one of the many late summer abundances are capsicum peppers of all kinds. each year, i pick a selection for roasting and storing to use through the year. you can choose any color you like, but i prefer red and yellow myself.
get yourself down to your favorite farmer’s market and pick up a as many as you like. i usually do about 16, which ends up being 2 mason jars of peppers in storage. but if you like, do less or more, mix & match colors, do what makes you happy.
you need very little equipment to roast peppers, though i will say it might be tough if you don’t have a roasting tray in your oven. you’ll also need mason jars or canning jars to accommodate the quantity you’ll end up with. i think 8 peppers to a quart jar is a good rule. you can sanitize these by boiling them in a water bath for 10 minutes if you like, or just wash them really well. i like to use a set of tongs to grab and rotate hot peppers as they roast. other than that, maybe a good knife for cutting them down to size. as far as ingredients, i always add white wine vinegar for storage, but if you want to add lemon juice or some other spices, it’s up to you.
once your peppers are clean, place them along the sides of your roasting tray so each of them has a good angle on the gas flame. you don’t want to put any directly under unless you have the space for it, since they’ll be so close to the flame. [excuse my antique oven, showing its age]
i start with my peppers upside-down and rotate them 4 times to get each side. then i flip them stem-up and rotate 4 more times for a fully-roasted pepper.
the goal here is to roast each side until it’s a bit charred and the skin separates from the flesh of the pepper. once you put them in the oven, you’ll want to check periodically to see how they progress. this isn’t something you can really time, since each pepper varies in thickness, but if you check every 5-10 minutes, peppers are very forgiving, you’ll catch each one as it’s ready.
as your peppers finish roasting, put them in a bowl to catch any juice that might be leaking from them. i usually put a plate over the bowl to allow heat to finish the process of loosening the skins. there are all kinds of suggestions on doing this, i like the plate over bowl idea because everything is washable.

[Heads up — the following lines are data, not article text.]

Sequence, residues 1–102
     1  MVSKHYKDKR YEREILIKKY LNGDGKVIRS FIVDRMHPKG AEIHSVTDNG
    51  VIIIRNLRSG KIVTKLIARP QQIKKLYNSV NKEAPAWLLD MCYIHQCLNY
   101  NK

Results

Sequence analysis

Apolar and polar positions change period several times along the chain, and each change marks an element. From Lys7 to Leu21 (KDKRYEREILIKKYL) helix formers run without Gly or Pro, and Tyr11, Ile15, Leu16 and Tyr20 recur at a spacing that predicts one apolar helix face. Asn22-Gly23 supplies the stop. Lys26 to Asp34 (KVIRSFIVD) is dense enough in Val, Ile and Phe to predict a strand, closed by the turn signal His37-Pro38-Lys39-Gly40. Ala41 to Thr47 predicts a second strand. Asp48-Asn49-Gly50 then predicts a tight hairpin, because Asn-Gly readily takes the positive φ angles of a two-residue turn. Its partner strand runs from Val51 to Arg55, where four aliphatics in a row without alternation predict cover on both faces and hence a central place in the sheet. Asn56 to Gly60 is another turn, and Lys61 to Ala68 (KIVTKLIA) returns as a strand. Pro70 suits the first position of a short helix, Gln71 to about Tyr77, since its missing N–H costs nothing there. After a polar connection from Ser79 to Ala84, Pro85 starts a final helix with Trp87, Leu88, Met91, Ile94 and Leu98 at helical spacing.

my process at this point is to slash the pepper with a knife over the bowl and drain the juice without getting seeds everywhere. then i move over to a plate and peel the skin off the pepper. i’m not too picky about getting all of it, sometimes skin is stubborn and i’d rather not fuss over it. once the pepper is peeled, cut the stem out, open the pepper and scrape the seeds out onto the plate. set your finished pepper aside on a separate plate for storage.
once you’ve peeled & scraped all your peppers, return to the first bowl with the reserved juice and strain it to separate whatever debris ended up in the bowl to a cup and set aside for storage.
at this point, all that’s left to do is prepare for storage. get your mason jars and pour equal amounts of the reserved pepper juice in each. there’s no rule of thumb here, it’s just for extra flavor. cut your peppers into quarters lengthwise and place in the jar, using a spoon to press them down and help clear trapped bubbles. once the jar is full to about an inch of headspace, pour in vinegar or lemon juice to fill just below the neck of the jar. you can supplement with water if you’d like less vinegar. i find that vinegar acts as a preservative that allows me to store peppers in the fridge for a year, which is why i always add it to mine. note: if you’re layering in salt or spices, it’s a good idea to sprinkle them in after each whole pepper [every 4 sections] or so goes in, to distribute the flavor evenly.
once you have your finished product, rotate the jar to try to get air bubbles to the top, and then set it in the fridge. now you can add all kinds of summer pepper goodness to your fall, winter & spring dishes without straying from a seasonal eating plan.